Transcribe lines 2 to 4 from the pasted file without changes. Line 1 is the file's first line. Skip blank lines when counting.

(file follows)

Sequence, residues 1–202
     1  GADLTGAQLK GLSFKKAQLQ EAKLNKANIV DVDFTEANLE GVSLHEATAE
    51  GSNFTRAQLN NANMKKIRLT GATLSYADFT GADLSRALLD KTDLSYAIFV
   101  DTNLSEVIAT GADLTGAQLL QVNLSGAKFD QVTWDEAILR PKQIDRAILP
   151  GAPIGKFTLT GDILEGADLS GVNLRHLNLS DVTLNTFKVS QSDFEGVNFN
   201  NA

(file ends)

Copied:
     1  GADLTGAQLK GLSFKKAQLQ EAKLNKANIV DVDFTEANLE GVSLHEATAE
    51  GSNFTRAQLN NANMKKIRLT GATLSYADFT GADLSRALLD KTDLSYAIFV
   101  DTNLSEVIAT GADLTGAQLL QVNLSGAKFD QVTWDEAILR PKQIDRAILP